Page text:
Marie Salomea Sklodowska-Curie was a Polish and naturalized-French physicist and chemist who pioneered radioactivity research. She was the first woman to receive a Nobel Prize, the first and only woman to receive the prize twice, and the only person to receive the prize in two scientific fields. Do you know what kind of coffin was made for her after she died?
Marie Curie is interred in a lead-lined coffin from Paris. Because she worked with radium, a substance a million times more radioactive than uranium, her body and notes are highly radioactive. It is said, for the next 1500 years, her notes are to remain radioactive.
The Early Life of Marie Curie
Marie Curie was born Marya Salomee Sklodowska in Warsaw, Poland, on November 7, 1867. She was the youngest of five children, with three older sisters and one brother. Her parents, Wladyslaw and Bronislava, were educators who made sure their daughters, as well as their son, were educated.
Curie finished her secondary education in 1883, at 15, and graduated first in her class. Curie and her older sister, Bronya, wanted to go to university, but the University of Warsaw did not admit women. They had to leave the country to obtain the education they desired. Curie became a governess at 17 to help pay for her sister’s attendance at medical school in Paris. Curie continued her studies independently and traveled to Paris in November 1891.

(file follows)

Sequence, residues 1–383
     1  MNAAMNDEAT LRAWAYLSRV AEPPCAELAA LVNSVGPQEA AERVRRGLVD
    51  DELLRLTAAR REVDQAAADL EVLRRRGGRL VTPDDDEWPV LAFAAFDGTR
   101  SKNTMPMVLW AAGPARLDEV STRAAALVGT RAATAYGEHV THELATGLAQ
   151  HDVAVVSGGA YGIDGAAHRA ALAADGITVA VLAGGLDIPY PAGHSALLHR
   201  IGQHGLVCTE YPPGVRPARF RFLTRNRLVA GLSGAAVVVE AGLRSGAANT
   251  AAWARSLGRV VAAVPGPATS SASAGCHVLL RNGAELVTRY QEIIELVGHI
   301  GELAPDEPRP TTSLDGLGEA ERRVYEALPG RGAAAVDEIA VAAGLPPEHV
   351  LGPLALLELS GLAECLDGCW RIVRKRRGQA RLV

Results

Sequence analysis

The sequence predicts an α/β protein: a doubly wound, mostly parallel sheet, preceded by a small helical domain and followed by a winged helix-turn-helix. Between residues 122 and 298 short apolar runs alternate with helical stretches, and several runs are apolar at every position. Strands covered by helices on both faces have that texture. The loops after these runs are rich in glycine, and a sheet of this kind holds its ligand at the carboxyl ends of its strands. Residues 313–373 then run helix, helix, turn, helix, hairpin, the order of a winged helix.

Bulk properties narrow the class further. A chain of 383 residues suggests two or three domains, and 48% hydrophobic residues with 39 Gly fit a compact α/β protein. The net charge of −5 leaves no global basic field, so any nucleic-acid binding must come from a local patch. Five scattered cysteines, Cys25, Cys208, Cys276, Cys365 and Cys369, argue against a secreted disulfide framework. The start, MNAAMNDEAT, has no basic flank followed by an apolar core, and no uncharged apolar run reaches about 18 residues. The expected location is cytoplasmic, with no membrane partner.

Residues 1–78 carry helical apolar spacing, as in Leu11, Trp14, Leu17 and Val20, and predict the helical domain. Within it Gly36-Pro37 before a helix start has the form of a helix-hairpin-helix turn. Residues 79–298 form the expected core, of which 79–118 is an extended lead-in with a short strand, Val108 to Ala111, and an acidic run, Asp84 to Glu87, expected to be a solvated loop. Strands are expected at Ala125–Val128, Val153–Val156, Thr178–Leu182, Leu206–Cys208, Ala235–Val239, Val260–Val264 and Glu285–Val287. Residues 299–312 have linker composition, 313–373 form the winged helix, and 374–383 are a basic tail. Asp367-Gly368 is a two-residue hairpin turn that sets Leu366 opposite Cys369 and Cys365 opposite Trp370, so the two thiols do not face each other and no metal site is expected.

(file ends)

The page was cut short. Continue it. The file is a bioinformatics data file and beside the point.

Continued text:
Curie signed her name as Marie when she registered at the Sorbonne in Paris to appear more French. Curie was a focused and hardworking student who graduated at the top of her class. She received the Alexandrovitch Scholarship for Polish students studying abroad to recognize her abilities. Curie used the scholarship to pay for the classes she needed to complete her licenciateships, or degrees, in physics and mathematics in 1894.
Curie received a research grant from one of her professors to study the steel’s magnetic properties and chemical composition. That research project introduced her to Pierre Curie, another accomplished researcher. In the summer of 1895, the couple married. (Source: Live Science)
Marie Curie’s Nobel Prizes
Curie’s work is reflected in the numerous awards she has received. She received numerous honorary degrees in science, medicine, and law and honorary memberships in learned societies worldwide. In 1903, she and her husband were awarded half of the Nobel Prize in Physics for their research into the spontaneous radiation discovered by Becquerel, who was awarded the other half of the Prize. In 1911, she was awarded a second Nobel Prize, this time in Chemistry, for her work in radioactivity.
In 1903, she and her husband were awarded the Davy Medal of the Royal Society. In 1921, President Harding of the United States presented her with one gram of radium in recognition of her contributions to science on behalf of the women of America. (Source: Nobel Prize)
Marie Curie’s Death
Marie Curie died on July 4, 1934, at the age of 66, at the Sancellemoz Sanatorium in Passy, France. Her death was attributed to aplastic pernicious anemia, a condition she developed after years of working with radiation. (Source: Marie Curie)